Being accepted as a member of the Chinook Team of 2017 was one of the most exciting things to happen to me this year. I was looking forward to eventually being able to say that I had practised veterinary medicine in the north, but something else made the acceptance even more special. When I was younger, my father used to tell me stories of the years that he spent living in the north. He told me stories of walking across the breathtaking landscape and seeing the tree line slowly get thinner to the point where there wasn’t a tree in sight. He told me tales of being invited to go for rides on a qamutiik (sled), and of watching the people from the local community arrive back home from their hunting trips. He told me stories of how the sun never went down – and described the wonder of witnessing the sun just reach horizon and then rise again. When I got my acceptance letter I knew that I would be able to experience some of these things first hand and begin to make my own stories.
My trip began with a short stop into Ottawa. I arrived at the airport in Ottawa with nothing but winter clothes, wool socks and a set of hat and mittens. When I realized that it was 32 degrees outside in Ottawa, I knew that I needed to get north before I melted! Fortunately, the journey to Igloolik began the next morning.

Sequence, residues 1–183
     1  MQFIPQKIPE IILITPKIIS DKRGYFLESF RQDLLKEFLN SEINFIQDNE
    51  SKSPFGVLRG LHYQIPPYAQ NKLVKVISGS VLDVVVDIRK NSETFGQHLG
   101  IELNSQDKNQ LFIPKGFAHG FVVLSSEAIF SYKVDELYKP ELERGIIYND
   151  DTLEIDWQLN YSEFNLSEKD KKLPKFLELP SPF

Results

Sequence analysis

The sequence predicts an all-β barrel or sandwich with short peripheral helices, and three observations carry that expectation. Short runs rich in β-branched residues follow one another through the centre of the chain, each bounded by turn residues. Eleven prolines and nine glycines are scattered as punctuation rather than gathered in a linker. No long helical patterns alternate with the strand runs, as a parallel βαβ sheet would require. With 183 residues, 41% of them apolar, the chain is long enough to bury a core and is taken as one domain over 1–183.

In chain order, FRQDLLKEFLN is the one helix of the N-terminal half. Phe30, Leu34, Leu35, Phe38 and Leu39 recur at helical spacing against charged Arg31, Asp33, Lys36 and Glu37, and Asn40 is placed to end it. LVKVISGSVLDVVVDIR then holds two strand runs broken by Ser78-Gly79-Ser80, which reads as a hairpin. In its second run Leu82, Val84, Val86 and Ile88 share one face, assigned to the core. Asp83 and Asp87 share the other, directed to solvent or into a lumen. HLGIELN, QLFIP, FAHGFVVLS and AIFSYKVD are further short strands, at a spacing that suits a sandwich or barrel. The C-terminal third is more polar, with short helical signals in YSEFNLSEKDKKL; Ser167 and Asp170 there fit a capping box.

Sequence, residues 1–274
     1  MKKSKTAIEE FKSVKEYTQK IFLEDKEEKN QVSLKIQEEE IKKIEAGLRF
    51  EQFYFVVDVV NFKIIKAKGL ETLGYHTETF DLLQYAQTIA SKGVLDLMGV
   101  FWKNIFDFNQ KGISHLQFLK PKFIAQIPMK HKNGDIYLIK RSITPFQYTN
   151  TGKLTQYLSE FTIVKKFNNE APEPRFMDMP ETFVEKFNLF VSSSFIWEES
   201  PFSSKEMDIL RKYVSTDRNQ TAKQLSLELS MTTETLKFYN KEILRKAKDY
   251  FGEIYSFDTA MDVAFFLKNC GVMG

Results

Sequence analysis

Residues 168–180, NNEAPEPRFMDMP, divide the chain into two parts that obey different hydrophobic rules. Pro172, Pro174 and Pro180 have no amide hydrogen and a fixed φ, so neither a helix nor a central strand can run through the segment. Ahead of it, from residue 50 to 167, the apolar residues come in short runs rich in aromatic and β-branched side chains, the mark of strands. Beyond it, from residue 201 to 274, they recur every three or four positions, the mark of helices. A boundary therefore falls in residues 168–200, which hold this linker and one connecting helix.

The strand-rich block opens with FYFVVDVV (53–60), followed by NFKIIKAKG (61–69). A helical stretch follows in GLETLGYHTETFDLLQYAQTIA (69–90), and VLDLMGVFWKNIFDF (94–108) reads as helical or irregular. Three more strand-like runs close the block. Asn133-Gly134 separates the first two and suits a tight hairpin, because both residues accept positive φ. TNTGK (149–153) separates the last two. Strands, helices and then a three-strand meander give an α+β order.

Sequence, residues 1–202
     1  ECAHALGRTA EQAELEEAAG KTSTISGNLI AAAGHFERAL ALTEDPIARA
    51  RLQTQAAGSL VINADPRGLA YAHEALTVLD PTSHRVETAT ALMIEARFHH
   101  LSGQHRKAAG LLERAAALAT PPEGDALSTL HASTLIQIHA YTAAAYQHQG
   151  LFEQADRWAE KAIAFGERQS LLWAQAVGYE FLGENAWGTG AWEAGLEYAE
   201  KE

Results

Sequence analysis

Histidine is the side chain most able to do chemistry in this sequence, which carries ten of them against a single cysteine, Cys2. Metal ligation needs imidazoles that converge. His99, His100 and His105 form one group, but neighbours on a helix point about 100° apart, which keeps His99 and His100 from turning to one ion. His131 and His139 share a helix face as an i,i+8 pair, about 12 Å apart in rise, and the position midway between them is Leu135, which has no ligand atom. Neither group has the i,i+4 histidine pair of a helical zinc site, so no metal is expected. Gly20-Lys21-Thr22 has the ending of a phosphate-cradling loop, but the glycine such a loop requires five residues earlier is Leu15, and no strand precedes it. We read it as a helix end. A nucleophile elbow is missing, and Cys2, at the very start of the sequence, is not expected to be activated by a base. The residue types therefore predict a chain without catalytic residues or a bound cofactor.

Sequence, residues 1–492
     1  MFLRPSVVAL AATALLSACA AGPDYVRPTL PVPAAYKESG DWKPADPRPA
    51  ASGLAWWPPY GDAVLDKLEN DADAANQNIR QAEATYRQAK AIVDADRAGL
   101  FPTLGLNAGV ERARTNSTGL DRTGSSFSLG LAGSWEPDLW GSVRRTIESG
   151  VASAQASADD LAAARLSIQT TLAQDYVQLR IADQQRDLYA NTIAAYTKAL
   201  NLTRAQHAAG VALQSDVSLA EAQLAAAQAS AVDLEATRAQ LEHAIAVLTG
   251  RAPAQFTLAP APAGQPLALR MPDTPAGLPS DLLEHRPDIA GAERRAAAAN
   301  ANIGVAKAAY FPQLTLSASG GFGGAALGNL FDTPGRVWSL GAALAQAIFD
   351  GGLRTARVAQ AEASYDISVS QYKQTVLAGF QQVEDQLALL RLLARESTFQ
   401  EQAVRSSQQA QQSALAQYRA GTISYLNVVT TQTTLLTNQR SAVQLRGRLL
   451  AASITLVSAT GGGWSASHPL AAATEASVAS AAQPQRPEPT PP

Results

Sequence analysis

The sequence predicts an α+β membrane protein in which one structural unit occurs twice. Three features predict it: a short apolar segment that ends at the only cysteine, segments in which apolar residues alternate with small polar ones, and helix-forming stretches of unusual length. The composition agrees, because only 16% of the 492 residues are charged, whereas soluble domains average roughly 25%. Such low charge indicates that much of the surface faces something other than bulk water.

As we got closer and closer to the north, I watched the trees and hilly landscape quickly turn into flat and treeless tundra. I watched the hot and sunny weather in Ottawa quickly turn into a snow-covered landscape. And as we flew into Igloolik, I watched the rolling turn into a magnificent turquoise-coloured sea ice.
The first morning, before heading to the clinic, I stepped out onto the door step, and the icy Arctic air hit my nostrils. For as far as the eye could see there was nothing but the small community of Igloolik and the beautiful arctic tundra. On the walk to the community hall, I took in as much as I could before the busy veterinary day began. On this first walk and the numerous other walks I was fortunate to take during my time in Igloolik, I was able to make memories for myself and experience the things in the stories my Dad had shared with me: memories like seeing the ski-doos pulling qamutiiks filled with skins, like seeing my first polar bear skin being set out to dry, and like every morning saying hello to the same two dogs on the corner – sometimes basking in the sun and other times chowing down on a caribou head for supper.
I quickly came to realize that time had a different meaning in this community. Whether it was 3am or 3pm, the sun would as bright as ever and the children would be playing soccer in the streets.
On my last day in Igloolik while on a walk with the team that I stumbled across the strikingly beautiful plants that grow in arctic despite the incredibly harsh environment. The purple saxifrage, an edible plant, and one of the earliest flowers to bloom as the snow begins to melt, was starting to blossom. Julie and I each plucked a flower and popped it into our mouths. We experienced the initial sour taste quickly turn to sweet.
This will remain one of my fondest memories, and will become one of the stories I get to tell – how many of us are lucky enough to be able to eat arctic flowers with their best friend?
Rachel Hughes, AVC 2018, traveled to Igloolik in 2017 as one of the student participants on the Chinook Project. As part of the experience, the students craft various pieces of reflective writing.